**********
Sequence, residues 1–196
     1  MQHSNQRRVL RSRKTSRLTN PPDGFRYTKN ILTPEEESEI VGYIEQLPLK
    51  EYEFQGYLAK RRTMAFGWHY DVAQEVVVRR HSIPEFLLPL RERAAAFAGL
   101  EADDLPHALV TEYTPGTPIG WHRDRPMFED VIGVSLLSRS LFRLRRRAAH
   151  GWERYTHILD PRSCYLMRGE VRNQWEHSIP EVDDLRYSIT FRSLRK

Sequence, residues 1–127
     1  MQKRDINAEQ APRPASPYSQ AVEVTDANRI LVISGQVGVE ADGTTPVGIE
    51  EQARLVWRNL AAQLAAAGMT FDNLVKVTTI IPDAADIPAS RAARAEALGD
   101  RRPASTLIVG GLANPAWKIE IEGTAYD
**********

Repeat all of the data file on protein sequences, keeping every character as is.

Sequence, residues 1–196
     1  MQHSNQRRVL RSRKTSRLTN PPDGFRYTKN ILTPEEESEI VGYIEQLPLK
    51  EYEFQGYLAK RRTMAFGWHY DVAQEVVVRR HSIPEFLLPL RERAAAFAGL
   101  EADDLPHALV TEYTPGTPIG WHRDRPMFED VIGVSLLSRS LFRLRRRAAH
   151  GWERYTHILD PRSCYLMRGE VRNQWEHSIP EVDDLRYSIT FRSLRK

Sequence, residues 1–127
     1  MQKRDINAEQ APRPASPYSQ AVEVTDANRI LVISGQVGVE ADGTTPVGIE
    51  EQARLVWRNL AAQLAAAGMT FDNLVKVTTI IPDAADIPAS RAARAEALGD
   101  RRPASTLIVG GLANPAWKIE IEGTAYD